Nicholas Haralambous was the CEO and co-founder of Motribe before the company was successfully acquired by Africa’s largest social network, Mxit in August, 2012. In 2009 he featured on GQ’s list of Top 30 Men in Media and was also a finalist in the Men’s Health Best Men Awards in 2010. Prior to its sale, Motribe, was named by Forbes magazine as one of the Top 20 Startups in Africa in 2012. In this essay Nicholas offers advice for African entrepreneurs looking to find funding.
by Nic Haralambous
Finding funding is never easy, don’t let anyone tell you differently. You don’t simply trip and fall into a pile of cash. This is especially true in the emerging markets at present.
Many investors are risk-averse (they don’t want to invest in unproven businesses) and those who are local and not averse to risk don’t have enough money too truly back a long-term startup play. This is the first paradox in the tech-investment space in Africa right now.
There are many investment firms making a move in the right direction in Africa but they are still few and far between.
There are the varying types of investment you can go after; Private equity, angel investment, seed funding, accelerators and Venture Capital. You could also look to family funding as an answer - getting your family to back you in small increments.
I have previously raised fairly substantial seed funding from 4Di Capital in South Africa for my company, Motribe and I lived to tell my story.
In 2011 I was certain that the solution to everything was more funding. I also believed that the money needed to come from abroad.
Here are some problems I ran into:
Move to the US/EU
Many investors were interested in giving me money but wanted me to move the Motribe Headquarters to New York. This was a bad idea but the money was good. We decided against it.
The lesson: The investor needs to be the right fit for you and your business. Not all money is good money or the right money, don’t settle.
Not Enough Revenue
This problem generally comes into play with a fairly young startup in a very dynamic space. It’s often tough to raise funding without revenue in the emerging markets.
The lesson: Make money. You don’t have to make profit, just prove that your business can make money and scale the making of money.
The Wrong Kind of Revenue
Be sure that you have chosen the right revenue model for your product or company. Revenue anywhere is often the advice given but often leads to troubles down the line. Be vicious with your goals and ensure that you go after scalable revenue.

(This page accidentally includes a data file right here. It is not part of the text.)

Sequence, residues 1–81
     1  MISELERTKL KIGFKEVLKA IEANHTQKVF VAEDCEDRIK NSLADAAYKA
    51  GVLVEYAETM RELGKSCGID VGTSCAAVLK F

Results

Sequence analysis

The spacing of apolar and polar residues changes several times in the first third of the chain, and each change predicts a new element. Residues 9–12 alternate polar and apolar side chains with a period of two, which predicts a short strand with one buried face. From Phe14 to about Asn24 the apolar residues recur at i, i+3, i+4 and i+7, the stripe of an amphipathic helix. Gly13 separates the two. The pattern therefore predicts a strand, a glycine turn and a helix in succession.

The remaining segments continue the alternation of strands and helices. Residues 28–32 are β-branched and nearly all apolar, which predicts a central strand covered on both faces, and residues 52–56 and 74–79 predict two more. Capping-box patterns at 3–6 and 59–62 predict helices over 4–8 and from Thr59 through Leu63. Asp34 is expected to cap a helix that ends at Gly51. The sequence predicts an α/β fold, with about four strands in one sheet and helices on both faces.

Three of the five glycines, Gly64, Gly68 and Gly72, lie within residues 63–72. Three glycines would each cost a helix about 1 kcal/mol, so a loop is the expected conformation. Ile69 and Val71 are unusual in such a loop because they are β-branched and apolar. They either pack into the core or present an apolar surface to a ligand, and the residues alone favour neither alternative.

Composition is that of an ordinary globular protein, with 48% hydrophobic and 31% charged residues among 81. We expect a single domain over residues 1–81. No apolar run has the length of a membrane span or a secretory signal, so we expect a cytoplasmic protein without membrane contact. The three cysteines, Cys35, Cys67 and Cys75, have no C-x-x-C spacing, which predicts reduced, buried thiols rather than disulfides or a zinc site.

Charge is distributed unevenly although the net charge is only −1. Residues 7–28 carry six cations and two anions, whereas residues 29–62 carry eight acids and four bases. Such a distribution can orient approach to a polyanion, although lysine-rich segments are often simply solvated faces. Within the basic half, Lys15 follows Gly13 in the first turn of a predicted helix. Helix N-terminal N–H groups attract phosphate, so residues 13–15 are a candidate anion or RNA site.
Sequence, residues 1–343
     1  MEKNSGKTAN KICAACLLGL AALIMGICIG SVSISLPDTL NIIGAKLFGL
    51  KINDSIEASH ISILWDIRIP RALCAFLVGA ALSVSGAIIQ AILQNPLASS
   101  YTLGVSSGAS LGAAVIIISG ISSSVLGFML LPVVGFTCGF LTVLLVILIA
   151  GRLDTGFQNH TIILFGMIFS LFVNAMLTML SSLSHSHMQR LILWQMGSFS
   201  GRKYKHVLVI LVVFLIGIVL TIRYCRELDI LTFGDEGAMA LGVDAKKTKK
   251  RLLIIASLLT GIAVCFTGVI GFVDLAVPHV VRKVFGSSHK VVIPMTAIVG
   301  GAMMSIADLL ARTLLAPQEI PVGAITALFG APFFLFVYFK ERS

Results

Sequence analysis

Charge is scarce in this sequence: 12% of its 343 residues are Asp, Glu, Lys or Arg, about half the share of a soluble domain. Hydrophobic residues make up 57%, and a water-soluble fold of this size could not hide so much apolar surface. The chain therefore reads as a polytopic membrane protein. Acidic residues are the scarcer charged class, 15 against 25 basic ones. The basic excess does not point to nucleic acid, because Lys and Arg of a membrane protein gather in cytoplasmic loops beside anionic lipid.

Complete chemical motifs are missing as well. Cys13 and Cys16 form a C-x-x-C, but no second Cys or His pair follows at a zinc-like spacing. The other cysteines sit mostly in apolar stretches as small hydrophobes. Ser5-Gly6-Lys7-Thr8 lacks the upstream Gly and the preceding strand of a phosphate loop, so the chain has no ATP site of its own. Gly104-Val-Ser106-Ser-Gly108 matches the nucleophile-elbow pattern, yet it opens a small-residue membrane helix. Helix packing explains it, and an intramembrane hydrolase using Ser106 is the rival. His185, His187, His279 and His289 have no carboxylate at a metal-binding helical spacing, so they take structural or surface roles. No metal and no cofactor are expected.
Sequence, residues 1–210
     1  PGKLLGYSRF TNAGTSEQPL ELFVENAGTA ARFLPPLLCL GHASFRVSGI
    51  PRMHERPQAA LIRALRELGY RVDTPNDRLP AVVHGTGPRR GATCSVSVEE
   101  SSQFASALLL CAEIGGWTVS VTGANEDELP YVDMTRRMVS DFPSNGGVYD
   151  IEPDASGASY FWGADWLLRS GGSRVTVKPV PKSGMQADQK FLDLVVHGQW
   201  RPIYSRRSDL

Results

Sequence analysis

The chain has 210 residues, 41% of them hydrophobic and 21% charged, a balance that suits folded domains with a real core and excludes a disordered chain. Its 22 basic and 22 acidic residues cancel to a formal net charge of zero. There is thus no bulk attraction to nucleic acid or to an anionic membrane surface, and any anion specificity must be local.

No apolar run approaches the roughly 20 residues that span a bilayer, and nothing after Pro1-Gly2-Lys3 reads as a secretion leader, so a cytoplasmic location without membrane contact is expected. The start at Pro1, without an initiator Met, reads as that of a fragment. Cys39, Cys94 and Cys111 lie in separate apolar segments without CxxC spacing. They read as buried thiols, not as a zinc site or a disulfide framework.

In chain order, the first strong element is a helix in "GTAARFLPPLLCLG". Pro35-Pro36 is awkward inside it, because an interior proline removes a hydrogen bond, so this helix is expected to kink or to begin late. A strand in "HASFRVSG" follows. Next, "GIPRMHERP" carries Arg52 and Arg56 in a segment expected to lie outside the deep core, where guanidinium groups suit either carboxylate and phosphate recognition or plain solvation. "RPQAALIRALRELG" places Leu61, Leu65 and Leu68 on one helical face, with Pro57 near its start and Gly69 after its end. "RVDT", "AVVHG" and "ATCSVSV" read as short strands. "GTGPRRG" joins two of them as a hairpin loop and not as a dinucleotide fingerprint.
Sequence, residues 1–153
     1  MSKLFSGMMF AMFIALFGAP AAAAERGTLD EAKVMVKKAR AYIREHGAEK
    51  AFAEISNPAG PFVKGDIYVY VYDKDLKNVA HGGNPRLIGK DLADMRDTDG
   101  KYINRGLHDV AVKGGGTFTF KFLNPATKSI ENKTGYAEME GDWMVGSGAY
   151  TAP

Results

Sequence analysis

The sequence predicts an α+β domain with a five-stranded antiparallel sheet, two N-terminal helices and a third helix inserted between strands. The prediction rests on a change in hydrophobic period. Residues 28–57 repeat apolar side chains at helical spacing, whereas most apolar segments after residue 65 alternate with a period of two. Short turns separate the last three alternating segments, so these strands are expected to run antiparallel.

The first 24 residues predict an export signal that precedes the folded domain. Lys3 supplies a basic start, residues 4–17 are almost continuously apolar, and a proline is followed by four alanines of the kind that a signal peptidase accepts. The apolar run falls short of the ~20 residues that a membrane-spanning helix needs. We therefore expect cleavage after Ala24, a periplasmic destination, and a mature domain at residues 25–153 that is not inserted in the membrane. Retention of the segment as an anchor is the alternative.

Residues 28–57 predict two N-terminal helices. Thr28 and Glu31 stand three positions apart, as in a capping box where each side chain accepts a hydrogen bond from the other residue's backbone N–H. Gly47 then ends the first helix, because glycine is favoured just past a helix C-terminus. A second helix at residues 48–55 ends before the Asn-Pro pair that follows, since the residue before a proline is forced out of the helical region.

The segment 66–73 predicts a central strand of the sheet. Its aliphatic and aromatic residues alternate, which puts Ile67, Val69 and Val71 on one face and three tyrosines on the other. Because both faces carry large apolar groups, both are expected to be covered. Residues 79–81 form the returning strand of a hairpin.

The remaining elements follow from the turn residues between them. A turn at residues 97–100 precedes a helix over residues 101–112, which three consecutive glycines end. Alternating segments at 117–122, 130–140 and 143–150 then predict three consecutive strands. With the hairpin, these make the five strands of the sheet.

The lesson: Be patient and don’t be greedy. Sometimes turning down revenue is better than getting the wrong revenue.
General Misunderstanding of African Markets
Traveling abroad and pitching to Venture Capital abroad taught me some interesting lessons. One of the main observations I made is that interest in Africa is peaking but knowledge of the market is not. Investors are often loathe to get on a plane and come into deepest darkest Africa and find out for themselves what is happening.
The lesson: You know your market, stick to what you know and don’t let anyone tell you otherwise.
The first ever DEMO Africa was held this week in Nairobi and was a big success. Here’s a summary of things that occurred, this is a cross-post from blog.appfrica.com.
On October 24th, 2012 Hillary Clinton announced the 3rd Apps4Africa competition at DEMO Africa in Nairobi, Kenya. Her pre-recorded video address to the audience was one of the many highlights of the DEMO Africa which brought investors and 40 of Africa’s finest startups together for rapid-fire 6-minute pitch sessions.
The announcement also marks a big change in the Apps4Africa model. This year the competition is targeting startups and businesses through competitive funding, offering a non-diluting path to venture capital, mentorship and other forms of support. Our goal is to catalyze the growth of Africa’s early-stage startups to address the issue of youth unemployment across the continent. Africa needs to create at least 120 million jobs by 2012 to maintain it’s current trends of a growing middle class. Those jobs are not going to come from government mandates or multi-national corporations, they are going to come from successful startups and entrepreneurs. With Apps4Africa 2012, Appfrica and our partners at the State Department, [email protected], and the World Bank are demonstrating our commitment to addressing this problem now and in the future!
We’re greatly appreciative for the remarks of Mrs. Hillary Clinton and the continued support of our friends at the State Department!
At DEMO young companies are offered 6 minutes to demonstrate their app’s utility, their business model and their case for investment. It’s very fast-paced and exciting for the entrepreneurs.
Keeping with that theme, we’ve selected 6 photos that capture the experience of the conference
Emmanuel Addai (Co-Founder, Farmerline) was one of two entrepreneurs representing the Apps4Africa 2011 Winners at DEMO Africa 2012. Farmerline came in third in the 2011 Climate Challenge.
DEMO Africa 2012, the Launchpad for Emerging Technology and Trends
One shot at 6 minutes in front of investors, journalists, and other technologists. Would you be ready?
Intermixed with the pitches were panels and real-time feedback ‘sage’ sessions from seasoned entrepreneurs and investors. Some ideas passed their test, others were shot down right away for not being investable.
During the pitch sessions, the exhibition hall at DEMO Africa 2012 was relatively empty, but after, this was where deals were made and startups got their second or third chance to pitch investors one on one.
Our team was all over the place at DEMO! From left to right, Marieme Jamme of SpotOne Global and Africa Gathering, Thomas Genton of the U.S. Department of State, Barbara Birungi of HiveCoLab, Jon Gosier and Bahiyah Yasmeen Robinson of Appfrica.